American and Saudi officials are discussing terms of a mutual defense treaty that would resemble the military pacts that the United States has with its close allies Japan and South Korea, a central component in President Joe Biden’s high-stakes diplomacy to get Saudi Arabia to normalize relations with Israel, The New York Times reported on Tuesday, citing US officials.
Under such an agreement, the United States and Saudi Arabia would generally pledge to provide military support if the other country is attacked in the region or on Saudi territory, the report said.
Saudi Crown Prince Mohammed bin Salman, who is the kingdom’s de facto ruler, regards a mutual defense agreement with the United States as the most important element in his talks with the Biden administration about Israel, current and former US officials said. Saudi officials say a strong defense agreement would help deter potential assaults by Iran or its armed partners even as the two regional rivals re-establish diplomatic ties.
Prince Mohammed is also asking the Biden administration to help his country develop a civilian nuclear program, which some US officials fear could be cover for a nuclear weapons program to counter Iran, noted The New York Times.
The US discussions with Saudi Arabia and Israel have mainly revolved around Prince Mohammed’s demands of the Biden administration.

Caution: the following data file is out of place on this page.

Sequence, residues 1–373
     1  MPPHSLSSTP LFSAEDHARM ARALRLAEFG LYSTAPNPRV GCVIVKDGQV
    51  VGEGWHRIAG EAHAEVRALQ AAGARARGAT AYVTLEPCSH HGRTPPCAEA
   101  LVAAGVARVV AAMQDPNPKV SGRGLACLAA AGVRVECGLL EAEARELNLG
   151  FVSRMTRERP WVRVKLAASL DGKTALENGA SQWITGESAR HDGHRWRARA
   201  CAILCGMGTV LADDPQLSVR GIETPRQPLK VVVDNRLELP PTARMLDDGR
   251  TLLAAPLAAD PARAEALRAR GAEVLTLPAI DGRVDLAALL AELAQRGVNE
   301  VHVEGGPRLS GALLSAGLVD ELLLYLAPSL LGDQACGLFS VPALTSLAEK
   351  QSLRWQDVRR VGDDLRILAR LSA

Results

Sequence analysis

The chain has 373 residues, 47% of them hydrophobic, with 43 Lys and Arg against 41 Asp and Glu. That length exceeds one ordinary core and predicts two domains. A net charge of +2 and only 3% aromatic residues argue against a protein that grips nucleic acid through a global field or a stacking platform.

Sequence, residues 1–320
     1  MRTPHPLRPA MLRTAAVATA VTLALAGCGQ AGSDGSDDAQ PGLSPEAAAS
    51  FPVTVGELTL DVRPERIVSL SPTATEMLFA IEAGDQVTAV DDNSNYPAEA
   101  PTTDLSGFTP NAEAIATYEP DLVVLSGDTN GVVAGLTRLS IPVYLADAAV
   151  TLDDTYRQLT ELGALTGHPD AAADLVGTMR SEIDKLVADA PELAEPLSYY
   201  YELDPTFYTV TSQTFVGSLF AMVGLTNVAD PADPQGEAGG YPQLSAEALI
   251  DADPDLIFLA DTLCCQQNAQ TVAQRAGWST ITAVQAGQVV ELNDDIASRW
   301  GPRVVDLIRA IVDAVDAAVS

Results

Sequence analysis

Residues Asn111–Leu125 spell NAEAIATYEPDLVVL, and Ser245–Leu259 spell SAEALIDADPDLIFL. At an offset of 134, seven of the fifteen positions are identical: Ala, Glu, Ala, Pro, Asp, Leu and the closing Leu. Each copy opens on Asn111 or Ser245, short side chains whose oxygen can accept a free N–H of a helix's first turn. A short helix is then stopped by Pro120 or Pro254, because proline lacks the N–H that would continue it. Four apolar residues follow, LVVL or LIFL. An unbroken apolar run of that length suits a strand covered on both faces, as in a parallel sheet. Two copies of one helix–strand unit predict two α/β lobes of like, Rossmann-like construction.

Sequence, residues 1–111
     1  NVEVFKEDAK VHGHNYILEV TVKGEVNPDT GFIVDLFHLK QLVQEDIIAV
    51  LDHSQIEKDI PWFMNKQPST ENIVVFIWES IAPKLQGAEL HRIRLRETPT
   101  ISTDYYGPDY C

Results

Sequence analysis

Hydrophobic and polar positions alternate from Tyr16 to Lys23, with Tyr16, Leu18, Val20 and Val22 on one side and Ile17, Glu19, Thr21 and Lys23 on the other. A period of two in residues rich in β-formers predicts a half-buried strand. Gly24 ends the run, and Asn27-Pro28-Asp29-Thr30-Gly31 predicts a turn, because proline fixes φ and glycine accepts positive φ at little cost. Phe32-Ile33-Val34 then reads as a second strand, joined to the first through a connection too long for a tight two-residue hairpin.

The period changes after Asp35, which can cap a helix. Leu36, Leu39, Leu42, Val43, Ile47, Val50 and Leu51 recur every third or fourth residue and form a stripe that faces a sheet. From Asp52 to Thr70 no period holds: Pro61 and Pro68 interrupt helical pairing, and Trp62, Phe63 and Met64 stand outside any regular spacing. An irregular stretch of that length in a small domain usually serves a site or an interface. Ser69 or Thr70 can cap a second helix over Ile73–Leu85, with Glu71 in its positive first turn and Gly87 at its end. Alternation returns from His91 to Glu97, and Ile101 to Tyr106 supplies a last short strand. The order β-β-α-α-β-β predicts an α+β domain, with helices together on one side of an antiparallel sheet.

The US military has bases and troops in both Japan and South Korea, but American officials told The New York Times there are currently no serious discussions about having a large contingent of American troops in Saudi Arabia under any new defense agreement. The Pentagon has just under 2,700 American troops in the kingdom, according to a letter the White House sent to Congress in June.
The State Department declined to comment on the report.
A recent report indicated that the United States and Saudi Arabia have agreed on the broad outlines of a deal for Saudi Arabia to recognize Israel in exchange for concessions to the Palestinian Arabs.
As part of the process, The Wall Street Journal reported that Saudi Arabia is offering to resume financial support to the Palestinian Authority which it had frozen in 2021.
Later, however, White House national security adviser Jake Sullivan told reporters that while US, Israeli and Saudi leaders have put many of the elements of a pathway to normalization on the table, there is still much work to do.
Last week, US Secretary of State Antony Blinken said in an interview that normalization “cannot be a substitute for Israel and the Palestinians resolving their differences and having a much better future for Palestinians. And in our judgment, of course, that must – needs to involve a two-state solution.”
He also added that “it’s also clear from what we hear from the Saudis that if this process is to move forward, the Palestinian piece is going to be very important, too.”